We will follow up on this conversation with a workshop on crowdfunding. Please stay tuned for details. Want to add to the conversation?  please tweet @Africwomenpower. We want to hear from you.

 

 

 

Creativity and Enterprise: Finding Business Opportunity in Gaming

Muoyo Okome

Muoyo Okome, CEO of Mega Rock

Muoyo Okome is Founder and CEO of Mega Rock L.L.C., a company that develops games and entertainment applications for mobile devices.

Mega Rock Studios has developed several games to include Find the Words, Bike Race of Ninja Temple and its second part, A Harlem Shake Subway Run. With over 2.2 million subscribers, Mega Rock games are available on an iPhone, iPad, or iPod Touch.

Mobile game developer and techpreneur, Muoyo Okome earned a computer science degree from Princeton University and an MBA from the University of Pennsylvania. Founder of the AWP Network, Mary Olushoga, first met Okome in 2004 while serving as members of the National Society of Black Engineers (NSBE). Several years later, we are happy to reconnect with him to learn about what inspired him to start his business and to gain more insight into his company.

How did you come up with the name of your business?

I brainstormed a list of potential names off a few friends and family members. I also considered my demographic and ultimately just chose so that I could get down to business. The name of the business was not going to drive my results.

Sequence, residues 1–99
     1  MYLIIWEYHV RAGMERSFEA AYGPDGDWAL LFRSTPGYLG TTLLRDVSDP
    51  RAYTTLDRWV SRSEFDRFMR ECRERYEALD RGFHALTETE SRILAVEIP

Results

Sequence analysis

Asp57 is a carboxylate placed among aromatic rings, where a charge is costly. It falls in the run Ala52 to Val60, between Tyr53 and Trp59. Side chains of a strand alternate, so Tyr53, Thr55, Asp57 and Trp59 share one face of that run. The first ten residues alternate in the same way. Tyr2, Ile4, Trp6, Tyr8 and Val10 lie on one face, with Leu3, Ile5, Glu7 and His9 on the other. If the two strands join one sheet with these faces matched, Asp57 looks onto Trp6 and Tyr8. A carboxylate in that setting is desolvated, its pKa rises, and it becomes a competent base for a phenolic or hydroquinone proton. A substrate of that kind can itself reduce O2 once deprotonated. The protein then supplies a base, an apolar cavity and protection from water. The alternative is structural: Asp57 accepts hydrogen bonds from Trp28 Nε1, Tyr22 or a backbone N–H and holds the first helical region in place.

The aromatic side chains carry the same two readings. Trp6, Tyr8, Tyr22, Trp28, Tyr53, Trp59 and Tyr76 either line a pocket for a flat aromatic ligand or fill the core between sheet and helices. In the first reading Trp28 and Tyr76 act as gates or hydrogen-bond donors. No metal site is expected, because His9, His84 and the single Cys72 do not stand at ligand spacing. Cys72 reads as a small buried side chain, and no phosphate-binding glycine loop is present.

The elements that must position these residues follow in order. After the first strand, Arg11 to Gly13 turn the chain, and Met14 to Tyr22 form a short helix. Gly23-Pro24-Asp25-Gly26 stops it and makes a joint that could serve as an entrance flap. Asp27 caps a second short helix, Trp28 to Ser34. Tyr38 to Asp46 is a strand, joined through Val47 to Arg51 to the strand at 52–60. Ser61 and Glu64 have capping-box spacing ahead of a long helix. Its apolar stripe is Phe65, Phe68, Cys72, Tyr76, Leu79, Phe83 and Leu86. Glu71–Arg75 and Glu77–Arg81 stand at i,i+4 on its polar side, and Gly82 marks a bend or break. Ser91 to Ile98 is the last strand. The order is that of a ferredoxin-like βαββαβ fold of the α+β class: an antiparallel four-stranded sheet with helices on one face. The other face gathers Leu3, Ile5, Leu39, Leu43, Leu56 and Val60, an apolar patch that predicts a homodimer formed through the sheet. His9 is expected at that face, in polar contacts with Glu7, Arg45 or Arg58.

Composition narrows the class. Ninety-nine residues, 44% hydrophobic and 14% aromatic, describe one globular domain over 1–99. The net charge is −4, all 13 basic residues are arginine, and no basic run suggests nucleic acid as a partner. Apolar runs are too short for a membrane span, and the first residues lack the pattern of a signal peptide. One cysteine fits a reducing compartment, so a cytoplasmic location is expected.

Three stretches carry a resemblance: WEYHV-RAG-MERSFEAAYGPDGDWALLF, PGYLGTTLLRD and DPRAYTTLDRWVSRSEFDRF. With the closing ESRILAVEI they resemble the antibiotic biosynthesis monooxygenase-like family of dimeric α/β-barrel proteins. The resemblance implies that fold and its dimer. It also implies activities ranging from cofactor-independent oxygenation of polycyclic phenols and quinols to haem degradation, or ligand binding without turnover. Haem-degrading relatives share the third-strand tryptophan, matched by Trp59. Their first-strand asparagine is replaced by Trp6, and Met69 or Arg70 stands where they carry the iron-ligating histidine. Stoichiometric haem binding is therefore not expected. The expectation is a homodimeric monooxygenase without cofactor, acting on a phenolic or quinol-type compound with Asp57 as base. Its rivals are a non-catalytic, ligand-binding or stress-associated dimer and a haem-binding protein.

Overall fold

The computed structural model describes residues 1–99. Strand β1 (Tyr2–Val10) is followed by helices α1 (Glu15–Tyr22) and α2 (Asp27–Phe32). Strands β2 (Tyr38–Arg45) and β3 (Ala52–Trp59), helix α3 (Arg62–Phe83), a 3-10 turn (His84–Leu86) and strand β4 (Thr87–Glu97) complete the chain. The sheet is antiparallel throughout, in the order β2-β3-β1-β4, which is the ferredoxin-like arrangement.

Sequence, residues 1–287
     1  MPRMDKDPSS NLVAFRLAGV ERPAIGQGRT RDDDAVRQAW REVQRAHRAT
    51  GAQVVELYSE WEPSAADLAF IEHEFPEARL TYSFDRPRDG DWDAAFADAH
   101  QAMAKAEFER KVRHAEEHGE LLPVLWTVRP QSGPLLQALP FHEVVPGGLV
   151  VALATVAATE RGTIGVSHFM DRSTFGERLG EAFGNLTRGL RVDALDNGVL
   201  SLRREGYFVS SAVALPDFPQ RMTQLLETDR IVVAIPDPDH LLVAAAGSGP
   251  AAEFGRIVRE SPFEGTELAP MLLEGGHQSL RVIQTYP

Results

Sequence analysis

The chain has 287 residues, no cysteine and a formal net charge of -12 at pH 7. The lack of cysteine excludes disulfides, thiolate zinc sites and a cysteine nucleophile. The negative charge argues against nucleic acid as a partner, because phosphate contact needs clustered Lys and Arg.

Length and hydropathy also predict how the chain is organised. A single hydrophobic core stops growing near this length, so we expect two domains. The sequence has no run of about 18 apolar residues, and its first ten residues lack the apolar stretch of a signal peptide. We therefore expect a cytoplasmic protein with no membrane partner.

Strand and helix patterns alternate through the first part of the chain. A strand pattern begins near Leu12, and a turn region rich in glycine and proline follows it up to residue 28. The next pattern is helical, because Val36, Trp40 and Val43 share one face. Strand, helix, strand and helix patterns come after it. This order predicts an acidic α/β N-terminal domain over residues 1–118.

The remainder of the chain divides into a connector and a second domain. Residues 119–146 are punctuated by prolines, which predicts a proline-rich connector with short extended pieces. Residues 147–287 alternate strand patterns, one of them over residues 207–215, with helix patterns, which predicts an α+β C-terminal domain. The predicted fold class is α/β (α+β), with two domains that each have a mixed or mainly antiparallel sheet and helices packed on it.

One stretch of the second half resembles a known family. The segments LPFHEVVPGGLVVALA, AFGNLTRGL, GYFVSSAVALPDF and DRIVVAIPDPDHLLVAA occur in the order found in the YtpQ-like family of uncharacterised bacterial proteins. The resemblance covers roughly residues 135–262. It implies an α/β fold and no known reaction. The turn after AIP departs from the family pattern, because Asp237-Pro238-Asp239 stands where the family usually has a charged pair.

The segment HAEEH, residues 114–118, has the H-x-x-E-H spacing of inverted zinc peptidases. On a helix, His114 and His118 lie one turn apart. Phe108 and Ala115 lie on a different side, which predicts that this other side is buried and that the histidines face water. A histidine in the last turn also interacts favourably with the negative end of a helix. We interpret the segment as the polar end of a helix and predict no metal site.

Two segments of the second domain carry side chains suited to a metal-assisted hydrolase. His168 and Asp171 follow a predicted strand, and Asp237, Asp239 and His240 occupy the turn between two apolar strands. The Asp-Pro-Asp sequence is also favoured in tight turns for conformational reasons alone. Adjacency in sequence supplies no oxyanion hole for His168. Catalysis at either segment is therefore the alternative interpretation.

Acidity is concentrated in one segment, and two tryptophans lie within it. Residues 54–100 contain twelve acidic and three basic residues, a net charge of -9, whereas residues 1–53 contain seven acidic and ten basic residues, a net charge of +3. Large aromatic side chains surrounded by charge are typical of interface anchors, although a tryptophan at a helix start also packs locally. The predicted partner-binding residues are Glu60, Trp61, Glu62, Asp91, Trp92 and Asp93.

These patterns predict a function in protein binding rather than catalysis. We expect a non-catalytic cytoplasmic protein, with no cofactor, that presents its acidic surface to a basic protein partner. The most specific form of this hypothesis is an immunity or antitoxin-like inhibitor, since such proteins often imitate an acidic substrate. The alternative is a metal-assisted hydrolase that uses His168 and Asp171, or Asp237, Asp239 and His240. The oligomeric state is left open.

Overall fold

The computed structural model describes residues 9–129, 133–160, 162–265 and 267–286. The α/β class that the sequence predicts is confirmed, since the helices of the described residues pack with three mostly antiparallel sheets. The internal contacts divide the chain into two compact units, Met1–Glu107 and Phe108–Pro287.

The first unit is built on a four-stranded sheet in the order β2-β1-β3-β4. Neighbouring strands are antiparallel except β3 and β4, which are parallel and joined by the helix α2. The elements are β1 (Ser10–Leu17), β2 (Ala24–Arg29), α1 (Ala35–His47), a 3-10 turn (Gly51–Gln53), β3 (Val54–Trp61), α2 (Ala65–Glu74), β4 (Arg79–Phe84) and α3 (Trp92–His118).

What inspired you to start your business?

I have always wanted to work for myself and I have explored a number of ventures. I became attracted to the mobile industry because it is a growing market with increasing impact worldwide. I also observed a number of small teams and companies having tremendous impact in the mobile applications space. I knew this is where I could succeed and have loads of fun as well.

Who is your target market?

Anyone who plays casual games on mobile phones. Right now, I am focused on Apple iOS, the most lucrative segment of the market.

How have you financed your business?

Bootstrapping – I have used my own funds. This business started as a side job before growing into something self-sustaining.

What is your competitive edge?

My ability to glean insights from market research and produce competitive products at a low-cost.

What is the long-term plan for your business?

My goal is to grow the business into a seven (7) and eight (8) figure entity. I also plan to expand into new categories and onto new platforms.

What business challenges do you face?

Frequent adaptation: the market is extremely dynamic. What works today will not necessarily work tomorrow so we are forced to constantly adapt or risk losing whatever success we have gained.

What five (5) things do start-up entrepreneurs need to know?

1) Be Positive – Everything starts with an extremely positive mindset. You cannot succeed if you are not positive. This does not mean that you ignore the facts, but you need to develop a strong belief in yourself to succeed.

2) Maintain a positive cash flow – Embrace the minimum viable product and don’t blow all your cash on something that has not been tested and proven. You can play from a stronger position if you have traction, and even better, revenues.

3) Work Smart – Be as knowledgeable as you can in your field. Much of this learning will happen “on the job.”